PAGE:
Abandoned post by Unregistered user.

If you download an ISO for a Linux distro for x86 and burn it onto a disc or USB stick, and put that device into the target computer and start it up, it shows an interactive installer.

If you want Linux on a Raspberry Pi, you have to use a special tool to put the files onto its "hard disk" in the form of a flash memory card, and then put that into the RPI, and then start it up. There is no installer; it goes straight into the "installed" OS.

This prevents setting up encryption on the RPI (since there is no installer), which has caused me to be unable to use my RPI for anything nontrivial. While it's technically possible (allegedly) to do encryption post-installation, I have been completely unable to do so and no online guides help.

But what exactly causes this? I think it has something to do with the lack of a PC/x86 "BIOS" on the ARM-based Raspberry Pi, but why can't there be an installer for ARM systems if they can make the entire Linux run on it? Is it quite possible, just nobody has put in the work to do so?

Is there something about the ARM architecture or the RPI specifically which technically prevents an installer? And is there any difference which version of RPI you have?

  • When you burn an ISO onto a disc or USB, do you install that linux on the disc or USB? no, you install it onto a different device. The Pi has ONE disk device, the SD card slot - so, where are you going to install TO? you can't install over the installer
    – Bravo
    Commented Jul 13, 2021 at 2:36
  • Having said that, it'd be perfectly reasonable to create an installer for the Pi - say, you boot from USB (pi 3 or later) and install to sd card ... or boot from sd card and install to USB drive - but since the Pi is an educational device, made simple for simple purposes, nobody has bothered to create such an installer - YET - I dare say it wouldn't be very difficult for the right person to do so
    – Bravo
    Commented Jul 13, 2021 at 2:38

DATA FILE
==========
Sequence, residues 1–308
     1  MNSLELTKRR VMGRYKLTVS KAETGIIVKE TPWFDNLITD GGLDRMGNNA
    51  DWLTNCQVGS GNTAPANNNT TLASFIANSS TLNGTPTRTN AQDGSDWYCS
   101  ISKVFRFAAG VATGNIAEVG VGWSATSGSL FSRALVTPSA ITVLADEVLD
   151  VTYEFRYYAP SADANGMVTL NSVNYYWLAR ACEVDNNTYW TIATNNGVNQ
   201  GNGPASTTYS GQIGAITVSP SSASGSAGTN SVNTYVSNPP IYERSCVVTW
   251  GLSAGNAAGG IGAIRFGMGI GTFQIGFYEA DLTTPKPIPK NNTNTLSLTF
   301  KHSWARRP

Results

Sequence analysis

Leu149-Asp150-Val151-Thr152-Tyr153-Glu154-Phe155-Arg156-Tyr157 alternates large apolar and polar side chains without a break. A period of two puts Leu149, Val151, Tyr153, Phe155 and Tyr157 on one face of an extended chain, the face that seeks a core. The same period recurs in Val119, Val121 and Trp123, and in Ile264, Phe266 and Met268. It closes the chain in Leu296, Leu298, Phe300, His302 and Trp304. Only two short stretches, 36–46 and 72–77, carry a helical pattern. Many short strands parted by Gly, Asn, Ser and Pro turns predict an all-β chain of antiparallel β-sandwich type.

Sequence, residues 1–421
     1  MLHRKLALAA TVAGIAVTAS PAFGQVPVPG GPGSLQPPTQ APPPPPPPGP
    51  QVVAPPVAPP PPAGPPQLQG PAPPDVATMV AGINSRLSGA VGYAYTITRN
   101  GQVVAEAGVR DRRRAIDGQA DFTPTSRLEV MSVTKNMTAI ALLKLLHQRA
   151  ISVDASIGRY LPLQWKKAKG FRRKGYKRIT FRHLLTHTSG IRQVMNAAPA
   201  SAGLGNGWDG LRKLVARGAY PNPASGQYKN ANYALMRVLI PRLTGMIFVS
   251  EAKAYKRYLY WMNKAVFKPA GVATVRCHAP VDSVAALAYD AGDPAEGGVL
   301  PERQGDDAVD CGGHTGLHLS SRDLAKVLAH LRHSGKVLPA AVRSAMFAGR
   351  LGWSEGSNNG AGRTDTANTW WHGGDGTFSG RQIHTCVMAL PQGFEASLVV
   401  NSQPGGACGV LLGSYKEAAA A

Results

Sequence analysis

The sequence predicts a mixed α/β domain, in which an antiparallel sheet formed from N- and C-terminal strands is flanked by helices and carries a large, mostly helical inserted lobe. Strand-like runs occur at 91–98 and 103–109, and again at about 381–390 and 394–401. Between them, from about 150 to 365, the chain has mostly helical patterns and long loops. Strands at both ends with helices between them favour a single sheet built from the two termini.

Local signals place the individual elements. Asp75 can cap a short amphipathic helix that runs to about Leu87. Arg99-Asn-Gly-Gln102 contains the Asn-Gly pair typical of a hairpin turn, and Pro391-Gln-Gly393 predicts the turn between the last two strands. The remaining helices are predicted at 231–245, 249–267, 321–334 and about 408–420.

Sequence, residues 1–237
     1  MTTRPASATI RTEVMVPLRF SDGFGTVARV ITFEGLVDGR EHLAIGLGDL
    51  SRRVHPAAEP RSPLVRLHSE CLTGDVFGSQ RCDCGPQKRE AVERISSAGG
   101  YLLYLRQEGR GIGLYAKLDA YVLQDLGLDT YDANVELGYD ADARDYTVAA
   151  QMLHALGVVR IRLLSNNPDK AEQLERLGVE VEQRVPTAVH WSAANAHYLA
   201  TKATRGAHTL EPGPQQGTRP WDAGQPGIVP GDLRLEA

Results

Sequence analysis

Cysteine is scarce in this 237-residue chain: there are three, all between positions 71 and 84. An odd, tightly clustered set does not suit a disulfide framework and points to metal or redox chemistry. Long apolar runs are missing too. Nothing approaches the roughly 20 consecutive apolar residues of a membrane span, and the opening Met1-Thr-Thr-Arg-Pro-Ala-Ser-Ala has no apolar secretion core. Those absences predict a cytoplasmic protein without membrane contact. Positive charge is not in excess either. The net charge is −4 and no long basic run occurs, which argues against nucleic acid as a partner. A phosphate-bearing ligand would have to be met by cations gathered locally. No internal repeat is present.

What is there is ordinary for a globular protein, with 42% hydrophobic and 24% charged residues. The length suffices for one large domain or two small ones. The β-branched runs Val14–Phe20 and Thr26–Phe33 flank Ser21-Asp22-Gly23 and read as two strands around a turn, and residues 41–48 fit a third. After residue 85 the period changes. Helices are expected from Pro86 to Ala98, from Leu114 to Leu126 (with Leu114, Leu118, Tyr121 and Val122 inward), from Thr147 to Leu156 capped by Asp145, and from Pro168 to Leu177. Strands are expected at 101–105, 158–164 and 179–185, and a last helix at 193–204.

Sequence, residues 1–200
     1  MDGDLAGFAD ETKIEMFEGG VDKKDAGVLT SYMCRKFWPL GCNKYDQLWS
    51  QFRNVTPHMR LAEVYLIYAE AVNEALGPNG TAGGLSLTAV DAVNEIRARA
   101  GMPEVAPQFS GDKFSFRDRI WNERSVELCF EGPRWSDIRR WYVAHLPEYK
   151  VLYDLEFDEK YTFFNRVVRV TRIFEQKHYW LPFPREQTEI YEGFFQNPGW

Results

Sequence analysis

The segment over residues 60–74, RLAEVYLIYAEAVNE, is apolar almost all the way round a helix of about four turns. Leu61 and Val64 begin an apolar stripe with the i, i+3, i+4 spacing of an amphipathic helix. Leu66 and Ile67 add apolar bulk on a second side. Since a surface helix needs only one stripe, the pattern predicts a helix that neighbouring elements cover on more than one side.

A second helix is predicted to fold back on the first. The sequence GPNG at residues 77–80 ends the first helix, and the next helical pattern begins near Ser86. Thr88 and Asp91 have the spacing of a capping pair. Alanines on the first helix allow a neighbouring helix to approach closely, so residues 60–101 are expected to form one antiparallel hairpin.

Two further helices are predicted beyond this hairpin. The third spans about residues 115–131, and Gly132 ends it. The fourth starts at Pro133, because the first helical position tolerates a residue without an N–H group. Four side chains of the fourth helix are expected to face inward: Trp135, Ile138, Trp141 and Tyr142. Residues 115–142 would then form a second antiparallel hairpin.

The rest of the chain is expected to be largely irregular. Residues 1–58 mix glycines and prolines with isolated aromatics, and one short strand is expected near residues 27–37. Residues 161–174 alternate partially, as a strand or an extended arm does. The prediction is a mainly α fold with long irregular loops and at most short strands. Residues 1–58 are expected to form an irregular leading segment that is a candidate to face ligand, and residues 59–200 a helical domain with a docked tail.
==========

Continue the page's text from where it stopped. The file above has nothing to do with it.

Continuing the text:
• @Bravo Frankly, I don't see why it can't load the installer into RAM when booting, and then install the OS onto the same flash card where the installer was loaded from. It could be fetching the files via the network, or from an USB stick, or even load the entire thing into RAM! Why not?
    – C. H.
    Commented Jul 13, 2021 at 2:53
  • Is 0.5, 1, 2, 4 or 8GB big enough to hold installation media plus run the installation? Guess the debian net installer is only 340MB or something, so, yeah - it could be done. Probably not enough people need it, that's why nobody's done it
    – Bravo
    Commented Jul 13, 2021 at 2:56

2 Answers 2


The fundamental problem is that the bytes on the boot media must be correctly placed to be readable in the first place and correct for the hardware executing them as instructions.

PC’s are very diverse and carry a lot of legacy architecture that means that it is non-trivial to get all this right, and this has grown into very complex installers.

Raspberries on the other hand have very few differences between models so it is relatively easy to anticipate all models in the bytes on the boot media.

You may want to look at noobs which allows installing operating systems from the internet.


This is not really a Pi question.

Most conventional computers have a BIOS which is in a ROM (containing 32 MB of code). Later models use a different, but similar technique.

The BIOS contains all the code required to mount images, initiate hardware etc. but even there require a boot loader on the install medium.

The install medium contains code to run a "live" image and install to a HD.

The Pi by comparison has no such BIOS. The SOC contains sufficient code to mount a FAT partition and run the loader contained on the SD Card.

There are programs PINN & (shudder) NOOBS which can install OS.

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